Sunday, November 22, 2015

Sunday Supper

Today was the day to make cranberry orange relish for Thanksgiving. I'm really the only one that likes it, but since I'm the cook, it's on the menu. I like it tart and more orangey, so I use less sugar and more oranges. Sometimes I add a little orange oil, but that's another benefit of being the cook; you get to make things just the way you like them.

While I was chopping cranberries in the food processor, it dawned on me that this would also be the perfect time to make one of my favorite recipes, Nantucket Cranberry Pie. Laurie Colwin wrote two absolutely excellent cookbooks, Home Cooking and More Home Cooking. I hesitate to call them cookbooks because they are really collections of wonderful essays about food along with some chatty recipes. She wrote articles for Gourmet in addition to some good fiction before her untimely death when she was just 48.

"People who feel they must make a real dessert are often looking for something simple and wonderful, two words often felt to be mutually exclusive. I like a cake that takes about four seconds to put together and gives an ambrosial result. Fortunately there are such cakes, and you usually get them at the homes of others. You then purloin the recipe (since you have taken care to acquire generous friends) and serve it to other friends, who then serve it to others. This is the way in which nations are unified and relationships made solid.

My candidate for an easy spectacular dessert is something called Nantucket Cranberry Pie, which is not a pie, but a cake, and was served to me in the country by my friend Ann Gold, who lives on a dairy farm and got this recipe from her mother, who can no longer remember where it came from. It is a Gold family staple, and the buck stops there.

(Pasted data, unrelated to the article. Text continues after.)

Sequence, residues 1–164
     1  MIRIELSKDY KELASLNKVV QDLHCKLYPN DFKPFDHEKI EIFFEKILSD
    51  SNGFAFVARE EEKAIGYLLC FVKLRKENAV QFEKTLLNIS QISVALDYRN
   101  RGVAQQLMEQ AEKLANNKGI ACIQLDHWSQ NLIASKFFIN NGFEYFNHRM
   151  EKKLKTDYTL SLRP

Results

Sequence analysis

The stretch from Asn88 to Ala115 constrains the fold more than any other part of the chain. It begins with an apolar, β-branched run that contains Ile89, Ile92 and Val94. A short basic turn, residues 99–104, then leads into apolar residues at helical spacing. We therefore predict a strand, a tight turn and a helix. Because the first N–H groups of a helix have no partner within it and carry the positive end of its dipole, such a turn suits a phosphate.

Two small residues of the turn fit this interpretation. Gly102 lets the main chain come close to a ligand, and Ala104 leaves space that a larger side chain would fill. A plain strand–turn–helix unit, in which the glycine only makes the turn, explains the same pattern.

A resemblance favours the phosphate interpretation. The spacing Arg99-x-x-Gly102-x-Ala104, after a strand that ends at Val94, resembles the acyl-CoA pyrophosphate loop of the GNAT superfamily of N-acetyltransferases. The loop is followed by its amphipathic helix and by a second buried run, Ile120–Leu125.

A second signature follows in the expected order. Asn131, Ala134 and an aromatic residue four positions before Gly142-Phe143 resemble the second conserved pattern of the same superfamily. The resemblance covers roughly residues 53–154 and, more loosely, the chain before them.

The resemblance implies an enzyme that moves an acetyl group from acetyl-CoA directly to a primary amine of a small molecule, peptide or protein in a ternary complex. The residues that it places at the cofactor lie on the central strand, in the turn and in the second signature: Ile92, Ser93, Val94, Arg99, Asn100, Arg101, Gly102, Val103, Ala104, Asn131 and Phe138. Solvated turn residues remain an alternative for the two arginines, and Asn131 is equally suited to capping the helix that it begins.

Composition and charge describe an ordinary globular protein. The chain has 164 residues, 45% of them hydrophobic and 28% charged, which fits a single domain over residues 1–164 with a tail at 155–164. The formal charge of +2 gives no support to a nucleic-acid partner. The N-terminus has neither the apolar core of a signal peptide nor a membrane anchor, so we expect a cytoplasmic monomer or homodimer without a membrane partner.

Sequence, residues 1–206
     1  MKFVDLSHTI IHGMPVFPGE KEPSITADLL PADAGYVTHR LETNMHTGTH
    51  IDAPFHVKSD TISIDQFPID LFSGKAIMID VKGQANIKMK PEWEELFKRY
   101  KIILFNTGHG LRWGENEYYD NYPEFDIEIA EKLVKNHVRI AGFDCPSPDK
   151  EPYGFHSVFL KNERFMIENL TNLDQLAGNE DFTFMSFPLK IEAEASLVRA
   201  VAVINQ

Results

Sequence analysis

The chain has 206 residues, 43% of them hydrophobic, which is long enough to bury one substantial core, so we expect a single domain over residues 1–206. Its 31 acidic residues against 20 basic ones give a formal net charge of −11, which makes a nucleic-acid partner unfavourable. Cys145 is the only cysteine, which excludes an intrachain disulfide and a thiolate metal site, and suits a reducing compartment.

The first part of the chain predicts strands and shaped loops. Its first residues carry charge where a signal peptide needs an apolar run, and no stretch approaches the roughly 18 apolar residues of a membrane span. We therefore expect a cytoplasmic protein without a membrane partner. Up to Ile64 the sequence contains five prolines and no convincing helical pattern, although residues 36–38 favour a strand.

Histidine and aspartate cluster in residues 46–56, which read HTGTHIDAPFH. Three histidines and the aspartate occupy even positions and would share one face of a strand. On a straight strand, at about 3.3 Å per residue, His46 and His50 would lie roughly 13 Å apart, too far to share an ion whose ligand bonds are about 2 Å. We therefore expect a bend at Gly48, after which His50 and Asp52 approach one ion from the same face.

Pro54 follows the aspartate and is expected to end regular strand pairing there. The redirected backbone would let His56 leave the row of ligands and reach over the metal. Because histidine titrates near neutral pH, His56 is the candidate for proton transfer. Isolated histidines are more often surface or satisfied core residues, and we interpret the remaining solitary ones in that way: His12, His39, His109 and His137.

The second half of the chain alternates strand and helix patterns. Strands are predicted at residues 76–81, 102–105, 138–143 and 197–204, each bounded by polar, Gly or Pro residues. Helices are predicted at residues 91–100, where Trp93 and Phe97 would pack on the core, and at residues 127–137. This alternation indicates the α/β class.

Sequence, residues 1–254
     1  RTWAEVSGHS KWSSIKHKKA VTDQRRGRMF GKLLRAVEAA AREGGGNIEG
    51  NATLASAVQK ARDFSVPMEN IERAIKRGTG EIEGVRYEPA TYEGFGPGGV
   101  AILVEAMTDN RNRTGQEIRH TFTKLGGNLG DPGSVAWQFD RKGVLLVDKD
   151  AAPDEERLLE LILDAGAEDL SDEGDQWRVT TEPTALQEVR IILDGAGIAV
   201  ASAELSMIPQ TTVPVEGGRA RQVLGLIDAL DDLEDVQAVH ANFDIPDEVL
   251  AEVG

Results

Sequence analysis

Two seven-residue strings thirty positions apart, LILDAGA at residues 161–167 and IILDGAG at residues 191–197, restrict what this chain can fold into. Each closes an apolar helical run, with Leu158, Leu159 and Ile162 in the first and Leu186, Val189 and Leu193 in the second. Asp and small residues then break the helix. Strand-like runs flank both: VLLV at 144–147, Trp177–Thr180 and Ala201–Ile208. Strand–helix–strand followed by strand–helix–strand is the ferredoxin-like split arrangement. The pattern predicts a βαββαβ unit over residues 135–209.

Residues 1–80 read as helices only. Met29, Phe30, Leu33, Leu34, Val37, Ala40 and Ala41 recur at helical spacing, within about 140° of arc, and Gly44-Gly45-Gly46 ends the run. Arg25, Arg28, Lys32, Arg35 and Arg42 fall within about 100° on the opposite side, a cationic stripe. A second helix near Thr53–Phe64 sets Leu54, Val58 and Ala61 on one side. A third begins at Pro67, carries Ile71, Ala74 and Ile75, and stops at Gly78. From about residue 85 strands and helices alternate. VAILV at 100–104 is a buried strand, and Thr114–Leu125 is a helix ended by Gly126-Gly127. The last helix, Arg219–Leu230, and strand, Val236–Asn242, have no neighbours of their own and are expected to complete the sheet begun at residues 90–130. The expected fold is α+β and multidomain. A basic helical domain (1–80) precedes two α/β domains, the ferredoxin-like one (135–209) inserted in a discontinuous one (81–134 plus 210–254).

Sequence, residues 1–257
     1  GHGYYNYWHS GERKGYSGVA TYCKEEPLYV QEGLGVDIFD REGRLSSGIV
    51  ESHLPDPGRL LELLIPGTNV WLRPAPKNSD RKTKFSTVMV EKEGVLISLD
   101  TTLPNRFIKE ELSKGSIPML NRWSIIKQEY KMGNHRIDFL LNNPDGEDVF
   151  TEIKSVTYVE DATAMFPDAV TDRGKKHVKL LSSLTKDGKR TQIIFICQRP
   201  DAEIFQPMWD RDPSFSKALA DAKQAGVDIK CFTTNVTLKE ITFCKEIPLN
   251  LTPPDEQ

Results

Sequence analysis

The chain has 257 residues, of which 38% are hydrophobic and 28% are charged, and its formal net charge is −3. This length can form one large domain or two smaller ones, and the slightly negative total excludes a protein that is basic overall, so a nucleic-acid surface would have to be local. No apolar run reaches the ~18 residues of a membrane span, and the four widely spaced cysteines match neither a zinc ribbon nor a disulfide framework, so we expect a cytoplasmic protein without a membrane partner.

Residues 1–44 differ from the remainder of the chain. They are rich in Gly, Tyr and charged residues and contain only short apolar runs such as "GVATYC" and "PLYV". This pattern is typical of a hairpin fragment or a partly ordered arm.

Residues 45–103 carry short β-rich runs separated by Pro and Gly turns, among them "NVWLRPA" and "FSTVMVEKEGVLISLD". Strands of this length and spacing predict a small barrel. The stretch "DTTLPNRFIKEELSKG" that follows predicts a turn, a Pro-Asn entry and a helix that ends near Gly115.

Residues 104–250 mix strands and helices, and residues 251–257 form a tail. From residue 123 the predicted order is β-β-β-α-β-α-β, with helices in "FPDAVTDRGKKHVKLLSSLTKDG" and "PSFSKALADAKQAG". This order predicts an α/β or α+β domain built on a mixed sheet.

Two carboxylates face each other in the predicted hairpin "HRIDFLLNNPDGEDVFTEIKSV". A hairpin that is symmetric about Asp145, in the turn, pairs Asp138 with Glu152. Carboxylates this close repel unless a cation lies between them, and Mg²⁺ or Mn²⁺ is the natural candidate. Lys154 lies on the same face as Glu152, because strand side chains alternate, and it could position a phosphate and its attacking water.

In an effort to find the true roots of this cake I looked into Yankee Cooking by Imogen Walcott, a classic tome that contains everything anyone needs to know about New England cooking. There in the index was Cape Cod Cranberry Pie, but this turned out to be a real live pie, whereas Nantucket Cranberry Pie is a cake. Furthermore, it is a snap, and, last but not least, it is truly good.

Nantucket Cranberry Pie

1. Chop enough cranberries to make 2 cups and enough walnuts to make 1/2 cup.

2. In the bottom of a 10-inch pie plate or springform pan, place chopped cranberries, chopped walnuts, and 1/2 cup sugar.

3. Mix 2 eggs, 3/4 cup melted butter, 1 cup sugar, 1 cup flour, and 1 teaspoon almond extract. Stir till smooth.

4. Pour over cranberry-walnut mixture and bake for 40 minutes at 350 degrees.

There is something about the tartness of the cranberries and the smooth, sweet, buttery taste of the cake that is irresistible. This cake is so easy a child could do it, and if you happen to have a child or two lying around, I suggest you set them to work for your next dinner party."

I usually rough chop the cranberries with a knife when I make this, but this time I used the food processor so they are chopped pretty finely. I also folded the cranberries into the batter just because I felt like it (cook's prerogative again!) and left out the walnuts because I didn't have any. It's always delicious, no matter how I've made it. I'm not exactly sure what we're having for Sunday supper, but there will be cake Nantucket Cranberry Pie!


  1. Oh my, that looks and sounds delicious!

  2. This looks good and is pretty on top of it! I see myself with a big spoon, this pie, and a big glass of milk!!

    Linda in VA

  3. Oooh, doesn't that sound good?!? I make cranberry pecan pie for Thanksgiving because it's Hannah's favorite. And I have a great cranberry cake that I also make this time of year but I've never seen one like this.

  4. That looks delicious! It's similar to a Swedish apple pie I make. Yum!!!

  5. Mmmm. That looks AWESOME. I love the Laurie Colwin "essay" quote you included. Must read more. (I, too, am the only one at my house that likes cranberries. So I make a cranberry-pepper relish -- with a chopped jalapeƱo -- because I like it!)


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